On the evening of October 30, I attended an outdoor reception at the residence of the local UNICEF representative. As I was schmoozing in the garden, the host called me over to introduce me to the person he was talking to. I didn’t catch the person’s name, but we chatted for a few minutes after stumbling on the fact that he was of Russian descent and that I had served in Moscow. I excused myself and moved on. Another colleague standing nearby asked me, “Do you know whom you were talking to?” “No,” I said, “I missed the name.” “Well,” he replied, “that was Peter Ustinov!”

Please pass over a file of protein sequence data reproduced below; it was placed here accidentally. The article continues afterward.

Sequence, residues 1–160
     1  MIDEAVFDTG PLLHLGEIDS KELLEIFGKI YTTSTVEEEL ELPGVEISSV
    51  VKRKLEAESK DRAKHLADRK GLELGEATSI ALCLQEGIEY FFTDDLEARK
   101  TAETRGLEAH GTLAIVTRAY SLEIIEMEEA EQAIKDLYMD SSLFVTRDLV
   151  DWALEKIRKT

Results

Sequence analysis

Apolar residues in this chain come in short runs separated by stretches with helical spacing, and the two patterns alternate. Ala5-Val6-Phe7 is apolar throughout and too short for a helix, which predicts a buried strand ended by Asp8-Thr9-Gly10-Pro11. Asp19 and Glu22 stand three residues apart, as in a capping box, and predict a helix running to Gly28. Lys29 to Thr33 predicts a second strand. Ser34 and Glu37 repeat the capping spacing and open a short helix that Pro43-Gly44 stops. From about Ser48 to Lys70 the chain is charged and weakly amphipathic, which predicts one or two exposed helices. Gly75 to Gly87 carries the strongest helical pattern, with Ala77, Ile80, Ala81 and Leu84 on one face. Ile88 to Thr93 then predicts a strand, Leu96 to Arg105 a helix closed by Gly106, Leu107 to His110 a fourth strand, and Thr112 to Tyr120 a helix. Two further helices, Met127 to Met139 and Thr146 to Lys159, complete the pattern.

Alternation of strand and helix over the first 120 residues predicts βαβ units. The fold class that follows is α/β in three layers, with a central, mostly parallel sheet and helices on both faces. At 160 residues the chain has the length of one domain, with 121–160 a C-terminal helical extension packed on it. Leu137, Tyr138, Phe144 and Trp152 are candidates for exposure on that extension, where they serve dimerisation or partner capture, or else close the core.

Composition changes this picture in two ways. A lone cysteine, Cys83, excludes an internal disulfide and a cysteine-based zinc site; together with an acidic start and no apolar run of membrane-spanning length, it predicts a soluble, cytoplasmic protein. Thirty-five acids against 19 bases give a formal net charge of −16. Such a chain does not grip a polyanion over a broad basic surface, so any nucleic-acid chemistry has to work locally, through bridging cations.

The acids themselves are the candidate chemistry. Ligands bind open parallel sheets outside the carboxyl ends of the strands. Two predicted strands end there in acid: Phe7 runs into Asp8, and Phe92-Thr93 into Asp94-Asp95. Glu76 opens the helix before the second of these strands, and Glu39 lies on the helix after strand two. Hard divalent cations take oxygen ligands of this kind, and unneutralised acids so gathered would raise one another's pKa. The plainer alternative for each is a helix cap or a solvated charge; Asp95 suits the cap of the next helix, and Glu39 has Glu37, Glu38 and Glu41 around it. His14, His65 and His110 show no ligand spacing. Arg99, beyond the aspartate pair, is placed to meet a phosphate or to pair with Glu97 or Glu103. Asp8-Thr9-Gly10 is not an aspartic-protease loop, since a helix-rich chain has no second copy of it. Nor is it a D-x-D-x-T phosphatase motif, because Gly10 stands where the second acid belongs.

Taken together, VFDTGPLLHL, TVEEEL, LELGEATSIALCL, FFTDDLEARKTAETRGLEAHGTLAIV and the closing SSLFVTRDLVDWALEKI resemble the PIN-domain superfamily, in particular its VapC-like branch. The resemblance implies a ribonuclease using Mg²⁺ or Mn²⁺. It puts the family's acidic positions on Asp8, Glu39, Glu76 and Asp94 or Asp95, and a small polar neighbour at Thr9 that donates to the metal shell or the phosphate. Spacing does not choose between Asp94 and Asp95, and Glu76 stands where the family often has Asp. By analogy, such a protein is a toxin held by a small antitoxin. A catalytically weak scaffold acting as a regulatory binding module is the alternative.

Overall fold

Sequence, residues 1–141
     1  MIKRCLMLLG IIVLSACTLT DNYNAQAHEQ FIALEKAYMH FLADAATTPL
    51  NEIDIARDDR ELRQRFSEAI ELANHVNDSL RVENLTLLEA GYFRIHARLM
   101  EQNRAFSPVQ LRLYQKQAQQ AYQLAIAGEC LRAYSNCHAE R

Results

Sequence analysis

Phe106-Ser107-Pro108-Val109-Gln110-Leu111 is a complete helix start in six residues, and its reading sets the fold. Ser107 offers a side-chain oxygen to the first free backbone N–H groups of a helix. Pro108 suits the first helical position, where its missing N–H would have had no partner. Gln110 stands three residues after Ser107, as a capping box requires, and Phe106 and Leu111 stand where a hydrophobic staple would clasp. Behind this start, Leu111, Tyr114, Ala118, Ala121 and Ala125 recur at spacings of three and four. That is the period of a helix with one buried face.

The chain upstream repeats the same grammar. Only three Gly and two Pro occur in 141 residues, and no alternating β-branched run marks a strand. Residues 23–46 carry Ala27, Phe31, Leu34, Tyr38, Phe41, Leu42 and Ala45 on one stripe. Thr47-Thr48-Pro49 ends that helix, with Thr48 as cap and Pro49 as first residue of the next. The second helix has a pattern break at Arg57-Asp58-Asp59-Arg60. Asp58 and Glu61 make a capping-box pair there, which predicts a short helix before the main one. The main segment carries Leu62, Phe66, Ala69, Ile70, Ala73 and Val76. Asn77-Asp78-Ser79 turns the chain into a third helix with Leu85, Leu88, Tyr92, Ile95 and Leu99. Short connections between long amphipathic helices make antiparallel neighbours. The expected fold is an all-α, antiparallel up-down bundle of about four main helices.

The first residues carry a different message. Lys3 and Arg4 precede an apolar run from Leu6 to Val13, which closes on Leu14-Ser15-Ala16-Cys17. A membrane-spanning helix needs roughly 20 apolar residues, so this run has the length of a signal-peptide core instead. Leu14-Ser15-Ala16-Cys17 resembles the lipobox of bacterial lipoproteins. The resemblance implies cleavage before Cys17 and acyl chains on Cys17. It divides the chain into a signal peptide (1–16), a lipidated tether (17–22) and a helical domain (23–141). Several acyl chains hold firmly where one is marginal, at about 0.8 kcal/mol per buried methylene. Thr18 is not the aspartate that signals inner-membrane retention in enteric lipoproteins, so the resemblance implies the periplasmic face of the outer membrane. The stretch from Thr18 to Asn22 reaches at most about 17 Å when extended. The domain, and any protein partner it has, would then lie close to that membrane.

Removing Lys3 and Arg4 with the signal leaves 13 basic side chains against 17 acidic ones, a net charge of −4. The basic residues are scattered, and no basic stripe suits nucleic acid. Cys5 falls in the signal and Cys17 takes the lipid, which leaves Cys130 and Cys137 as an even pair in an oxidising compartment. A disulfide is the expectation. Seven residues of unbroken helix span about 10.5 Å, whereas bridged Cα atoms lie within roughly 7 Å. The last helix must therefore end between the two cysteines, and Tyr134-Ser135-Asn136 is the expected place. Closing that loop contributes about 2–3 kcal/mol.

The next morning, Ustinov was sitting in an office in the compound at No. 1 Safdarjung Road, where he was to interview Prime Minister Gandhi for Irish television. As Mrs. Gandhi was making her way to the interview, she was suddenly gunned down by her Sikh bodyguards. She died shortly thereafter in the National Hospital. (…)

The cremation took place at dusk in the beautiful park on the banks of the Yamuna River near the same Raj Ghat where the funeral rites of Mahatma Gandhi had years before been held. Foreign dignitaries were mobilised at a designated spot and transported by bus to the cremation site. In true Indian fashion, we were all packed rather chaotically into the transport, with more people standing than sitting. I found myself with the Japanese Prime Minister on one side, and a tiny lady on the other who couldn’t reach a strap to hold onto, and so relied on me to keep her on her feet. It was Mother Teresa.